It is thought that the ancient Greeks and Romans believed it was better to voluntarily end a life rather than endure any further suffering. Later many religions viewed life as a divine gift and consequently had a limited acceptance for euthanasia. Though euthanasia (causing the death of another with the belief that it is in their benefit) differs from assisted dying (when an individual is in control of ending their life, another person merely assists), it is evident that attitudes towards this issue have evolved dramatically.
This is the first part of a two-part series on assisted dying that looks at some of the key cases that have called the UK’s stance under review that have divided public and parliamentary opinion.
The Suicide Act 1961 makes it an offence for anyone to“encourage or assist the suicide or attempted suicide of another person”, even if the other person consents and is in a state of prolonged agony or has a terminal condition. If found guilty, the assistant could be sentenced to 14 years imprisonment, but are not always prosecuted. The DPP follows guidelines on when prosecutions are in the public interest – for example, if they pressured the deceased into ending their life.
Article 8 of European Convention on Human Rights (ECHR),incorporated into UK law as part of the Human Rights Act 1998, respects our right to a private and family life. Cases on assisted suicide have included the right to decide the manner of one’s death as part of a private life. On the other hand, this does not mean that every state bound by the ECHR must legalise assisted suicide, as the Convention allows for domestic restrictions on rights in order to prevent crime and protect vulnerable citizens. The cases that have been influential in this area are detailed below.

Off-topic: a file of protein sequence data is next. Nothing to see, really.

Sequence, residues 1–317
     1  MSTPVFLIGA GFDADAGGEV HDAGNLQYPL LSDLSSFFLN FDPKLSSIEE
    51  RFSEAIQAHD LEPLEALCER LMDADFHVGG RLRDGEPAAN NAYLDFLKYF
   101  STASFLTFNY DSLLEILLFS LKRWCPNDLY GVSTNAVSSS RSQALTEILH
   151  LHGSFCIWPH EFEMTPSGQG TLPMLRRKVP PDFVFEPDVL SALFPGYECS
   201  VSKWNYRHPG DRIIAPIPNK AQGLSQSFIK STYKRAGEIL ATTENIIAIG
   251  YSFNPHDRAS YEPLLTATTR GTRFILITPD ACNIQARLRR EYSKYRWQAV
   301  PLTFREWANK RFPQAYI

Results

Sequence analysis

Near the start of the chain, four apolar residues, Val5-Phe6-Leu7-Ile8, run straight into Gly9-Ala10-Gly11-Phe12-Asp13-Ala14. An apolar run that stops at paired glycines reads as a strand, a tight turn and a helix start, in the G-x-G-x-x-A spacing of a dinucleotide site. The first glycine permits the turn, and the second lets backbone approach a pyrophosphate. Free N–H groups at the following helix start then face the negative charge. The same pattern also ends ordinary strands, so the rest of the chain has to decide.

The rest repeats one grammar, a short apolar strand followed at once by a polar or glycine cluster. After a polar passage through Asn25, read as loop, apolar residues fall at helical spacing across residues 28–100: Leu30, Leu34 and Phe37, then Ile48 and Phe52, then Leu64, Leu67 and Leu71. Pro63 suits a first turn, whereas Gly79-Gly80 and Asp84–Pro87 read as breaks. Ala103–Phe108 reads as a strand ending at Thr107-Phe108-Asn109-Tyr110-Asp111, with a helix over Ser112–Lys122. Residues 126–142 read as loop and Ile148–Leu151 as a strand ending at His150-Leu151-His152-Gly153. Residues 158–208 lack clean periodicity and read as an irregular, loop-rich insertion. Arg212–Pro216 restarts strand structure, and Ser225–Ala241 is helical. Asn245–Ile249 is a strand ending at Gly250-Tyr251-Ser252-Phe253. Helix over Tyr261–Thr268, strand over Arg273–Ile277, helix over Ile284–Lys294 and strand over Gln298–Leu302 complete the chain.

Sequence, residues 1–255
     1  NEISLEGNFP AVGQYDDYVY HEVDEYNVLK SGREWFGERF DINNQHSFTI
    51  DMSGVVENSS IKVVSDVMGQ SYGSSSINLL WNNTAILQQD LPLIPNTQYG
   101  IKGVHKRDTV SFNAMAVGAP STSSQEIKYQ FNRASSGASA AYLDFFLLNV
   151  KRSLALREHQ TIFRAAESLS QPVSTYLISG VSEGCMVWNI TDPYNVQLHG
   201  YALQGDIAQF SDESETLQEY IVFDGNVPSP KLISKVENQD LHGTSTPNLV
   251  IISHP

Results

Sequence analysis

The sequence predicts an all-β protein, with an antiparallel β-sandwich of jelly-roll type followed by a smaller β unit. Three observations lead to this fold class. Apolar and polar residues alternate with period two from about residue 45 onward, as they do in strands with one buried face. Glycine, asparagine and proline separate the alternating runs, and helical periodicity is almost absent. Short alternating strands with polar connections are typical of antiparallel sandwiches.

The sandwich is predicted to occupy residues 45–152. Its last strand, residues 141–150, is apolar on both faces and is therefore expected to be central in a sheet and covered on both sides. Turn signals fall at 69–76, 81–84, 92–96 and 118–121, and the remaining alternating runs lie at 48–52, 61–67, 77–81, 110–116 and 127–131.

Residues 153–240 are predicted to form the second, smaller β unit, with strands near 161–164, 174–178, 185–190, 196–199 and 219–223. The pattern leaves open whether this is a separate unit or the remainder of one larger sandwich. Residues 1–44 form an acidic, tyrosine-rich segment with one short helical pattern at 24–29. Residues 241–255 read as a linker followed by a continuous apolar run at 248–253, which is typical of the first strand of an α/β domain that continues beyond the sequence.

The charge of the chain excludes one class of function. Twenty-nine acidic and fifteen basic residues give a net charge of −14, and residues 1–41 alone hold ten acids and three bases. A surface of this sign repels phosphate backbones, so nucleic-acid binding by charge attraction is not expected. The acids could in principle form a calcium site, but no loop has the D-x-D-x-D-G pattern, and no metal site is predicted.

Switzerland, the Netherlands, Belgium and Luxemburg, as states under the ECHR, have all legalised forms of euthanasia or assisted dying. Hence, it is possible for a UK citizen to travel to one of these countries to end their life. However, anyone that aids this process could be subject to legal proceedings if this citizen :
The law on assisted dying has long since divided public and parliamentary opinion. Here are some of the key cases that have called the UK’s stance under review:
FACTS: Diane Pretty was diagnosed with Motor Neurone Disease, leaving her mental capacity unaffected but her body in a state of paralysis from the neck down. She required constant care from family and nurses. With a short life expectancy, Pretty wished to end her life in a chosen manner, not through suffering from her disease, but was unable to commit suicide alone. Pretty asked the DPP to refrain from prosecuting her husband if he assisted in her death, but the DPP refused. So, she took her case to court to allow her husband freedom from potential prosecution under the Suicide Act. She argued that a number of her human rights were in breach, notably the right to life, and to choose when to end your life, under Article 2 ECHR. After seeing her case dismissed at the High Court, Pretty appealed to the House of Lords in 2001. Nevertheless, the Law Lords confirmed previous rulings by stating there was no right to die under Article 2.However, the right to choose the manner of your death under Article 8 ECHR (private life) was still in question, thus Pretty proceeded to the European Court of Human Rights.
OUTCOME: The European Court declared the right to a private life under Article 8 included provisions for the quality of one’s lifeand a respect for the fact that many, especially in circumstances such as Pretty’s, would like to avoid a painful and undignified death. Nevertheless, the Court also ruled that ECHR member states were allowed to govern assisted suicide as they see fit, stating that restrictions, such as those in the UK, were needed to protect those with terminal illnesses – as they are in a vulnerable position and at higher risk of abuse. Therefore, Pretty’s request that her husband be free from prosecution was dismissed. Petty died shortly after the final ruling.